The Supreme Court, in a 5–4 ruling, has resolved a circuit split on the issue of litigation stays pending appeal of denials of motions to compel arbitration. In the underlying putative class action, Bielski et al v. Coinbase, Inc., 3:21-cv-07478 (N.D. Cal.), Coinbase moved to compel arbitration of the plaintiffs’ claims, but the motion was denied by the district court. The Ninth Circuit—in a split from several other Circuits—declined to stay the district court proceedings while the appeal was pending. The Supreme Court now has ruled that a district court must stay proceedings while an interlocutory appeal on the question of arbitrability is ongoing. The decision means that defendants should be able to minimize ongoing litigation costs while an appeal of an adverse arbitration decision is pending.
In resolving the split in Coinbase’s favor, the Supreme Court held that “after Coinbase appealed from the denial of its motion to compel arbitration, the District Court was required to stay its proceedings.” Coinbase, Inc. v. Bielski, No. 22–105, Slip Op. at 10 (U.S. 2023). The Court observed that its holding followed that of most other Circuits that had faced this question, as well as treatises such as Moore’s and Wright & Miller. Applying the Griggs principle, the Court explained “[a]n appeal, including an interlocutory appeal, ‘divests the district court of its control over those aspects of the case involved in the appeal.’” Coinbase at 3 (citing Griggs v. Provident Consumer Discount Co., 459 U.S. 56, 58 (1982)). “Because the question on appeal is whether the case belongs in arbitration or instead in the district court, the entire case is essentially ‘involved in the appeal.’” Id. Since discovery was part of the district court proceedings that were divested, it would also necessarily be stayed by the appeal. The majority held that the need for a stay is “common sense,” as absent the stay, the benefits of arbitration, such as efficiency and lessened cost, would be “irretrievably lost.” Id. at 5-6.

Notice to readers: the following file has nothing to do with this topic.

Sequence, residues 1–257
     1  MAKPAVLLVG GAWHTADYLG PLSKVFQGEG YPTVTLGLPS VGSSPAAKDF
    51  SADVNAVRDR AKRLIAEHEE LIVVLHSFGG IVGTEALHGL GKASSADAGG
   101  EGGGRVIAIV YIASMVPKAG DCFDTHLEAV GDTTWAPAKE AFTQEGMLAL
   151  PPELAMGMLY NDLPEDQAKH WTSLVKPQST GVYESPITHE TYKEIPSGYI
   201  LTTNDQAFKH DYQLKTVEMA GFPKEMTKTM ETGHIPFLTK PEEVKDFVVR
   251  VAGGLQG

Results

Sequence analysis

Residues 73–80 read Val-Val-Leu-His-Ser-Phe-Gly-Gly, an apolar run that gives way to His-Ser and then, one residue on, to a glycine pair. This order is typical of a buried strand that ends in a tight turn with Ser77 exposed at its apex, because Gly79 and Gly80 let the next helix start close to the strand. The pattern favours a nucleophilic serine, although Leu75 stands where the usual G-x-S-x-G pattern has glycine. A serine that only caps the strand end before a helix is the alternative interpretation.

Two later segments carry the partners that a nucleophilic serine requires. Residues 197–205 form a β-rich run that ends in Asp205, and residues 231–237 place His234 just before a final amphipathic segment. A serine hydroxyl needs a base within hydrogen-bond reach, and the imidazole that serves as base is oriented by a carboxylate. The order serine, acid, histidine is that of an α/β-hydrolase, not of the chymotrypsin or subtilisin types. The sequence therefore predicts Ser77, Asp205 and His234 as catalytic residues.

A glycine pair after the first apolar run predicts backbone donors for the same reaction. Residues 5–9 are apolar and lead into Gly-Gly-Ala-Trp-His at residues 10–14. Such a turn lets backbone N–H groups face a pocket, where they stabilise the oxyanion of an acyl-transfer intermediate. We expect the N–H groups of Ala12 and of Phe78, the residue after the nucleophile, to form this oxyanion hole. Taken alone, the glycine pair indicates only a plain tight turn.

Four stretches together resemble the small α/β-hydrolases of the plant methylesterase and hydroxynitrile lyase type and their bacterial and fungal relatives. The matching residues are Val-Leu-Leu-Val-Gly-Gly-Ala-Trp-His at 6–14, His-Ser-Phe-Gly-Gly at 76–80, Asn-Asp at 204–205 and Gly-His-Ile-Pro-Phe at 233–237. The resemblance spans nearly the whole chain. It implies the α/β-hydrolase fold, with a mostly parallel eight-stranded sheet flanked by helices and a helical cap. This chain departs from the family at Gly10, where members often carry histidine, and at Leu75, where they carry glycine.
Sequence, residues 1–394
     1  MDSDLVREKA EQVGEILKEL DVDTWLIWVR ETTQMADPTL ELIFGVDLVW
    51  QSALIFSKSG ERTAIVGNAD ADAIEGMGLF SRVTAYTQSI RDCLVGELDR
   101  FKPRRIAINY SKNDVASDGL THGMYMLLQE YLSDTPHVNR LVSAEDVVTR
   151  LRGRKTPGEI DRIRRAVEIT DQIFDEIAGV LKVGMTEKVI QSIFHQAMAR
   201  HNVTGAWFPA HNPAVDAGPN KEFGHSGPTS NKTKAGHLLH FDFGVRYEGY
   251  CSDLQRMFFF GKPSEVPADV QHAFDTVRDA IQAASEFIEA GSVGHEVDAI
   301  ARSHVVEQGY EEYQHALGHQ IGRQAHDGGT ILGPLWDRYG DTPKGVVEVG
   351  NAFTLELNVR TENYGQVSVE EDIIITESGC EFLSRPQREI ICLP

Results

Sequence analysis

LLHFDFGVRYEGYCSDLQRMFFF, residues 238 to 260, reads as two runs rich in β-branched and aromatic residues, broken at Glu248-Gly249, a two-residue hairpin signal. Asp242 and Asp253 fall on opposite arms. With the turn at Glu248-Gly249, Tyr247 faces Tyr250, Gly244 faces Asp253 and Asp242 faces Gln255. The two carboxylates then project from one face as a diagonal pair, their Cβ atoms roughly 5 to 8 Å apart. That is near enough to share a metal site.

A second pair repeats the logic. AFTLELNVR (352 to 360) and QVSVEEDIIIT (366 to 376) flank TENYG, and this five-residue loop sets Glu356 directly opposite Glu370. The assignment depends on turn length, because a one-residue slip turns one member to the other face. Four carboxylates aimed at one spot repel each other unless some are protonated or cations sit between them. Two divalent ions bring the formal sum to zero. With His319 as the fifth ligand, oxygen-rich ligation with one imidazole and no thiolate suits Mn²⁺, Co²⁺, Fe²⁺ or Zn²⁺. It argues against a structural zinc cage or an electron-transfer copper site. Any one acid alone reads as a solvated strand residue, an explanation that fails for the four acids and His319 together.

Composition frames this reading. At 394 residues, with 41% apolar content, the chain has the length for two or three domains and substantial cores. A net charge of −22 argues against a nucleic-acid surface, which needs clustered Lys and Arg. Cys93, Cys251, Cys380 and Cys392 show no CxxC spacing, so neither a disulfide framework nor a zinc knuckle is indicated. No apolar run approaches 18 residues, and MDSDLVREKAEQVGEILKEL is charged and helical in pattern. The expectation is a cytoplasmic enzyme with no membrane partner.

The Court rejected Bielski’s arguments against application of the Griggs rule. Among other things, the Court saw no evidence that Circuits applying Griggs were subject to frequent frivolous appeals, and it pointed out that courts have other tools for dealing with that problem if it arises. The Court also found that ordinary discretionary stay factors are insufficient to protect parties’ rights in this context, “because courts applying that test often do not consider litigation-related burdens . . . to constitute irreparable harm,” whereas that harm is specifically at issue in the context of arbitration rights. Id. at 9-10. Finally, the Court rejected Bielski’s reliance on precedent holding that “questions of arbitrability are severable from the merits of the underlying disputes,” as “the sole issue here is whether the district court’s authority to consider a case is involved in the appeal when an appellate court considers the threshold question of arbitrability.” Id. at 10 (citations omitted).
The dissenting opinion, written by Justice Jackson and joined by Justices Sotomayor and Kagan, and Thomas in part, disagreed that the stay should be mandatory. The dissent argued that for most interlocutory appeals, the district court retains the remainder of the case, and has the discretion to stay those parts, and that the “discretionary decisionmaking promotes procedural fairness because it allows for a balancing of all relevant interests.” Dissent at 1. Justice Jackson wrote that the “mandatory-general-stay rule for interlocutory arbitrability appeals comes out of nowhere,” and will “perpetually favor one class of litigants—defendants seeking arbitration.” The dissent also argued that the original federal interlocutory-appeal statute “cemented a background discretionary-stay rule that governed even where Congress was silent,” id. at 6, and that the policy considerations underlying Griggs don’t support a mandatory stay rule in this context. Finally, the dissent warned that the majority’s logic could potentially apply to a “wide array of appeals,” and that “[t]aken that broadly, the mandatory-general-stay rule the Court adopts today would upend federal litigation as we know it” because “defendants would presumably pursue [this] tactic at every opportunity” to stop a plaintiff’s case. Id. at 14.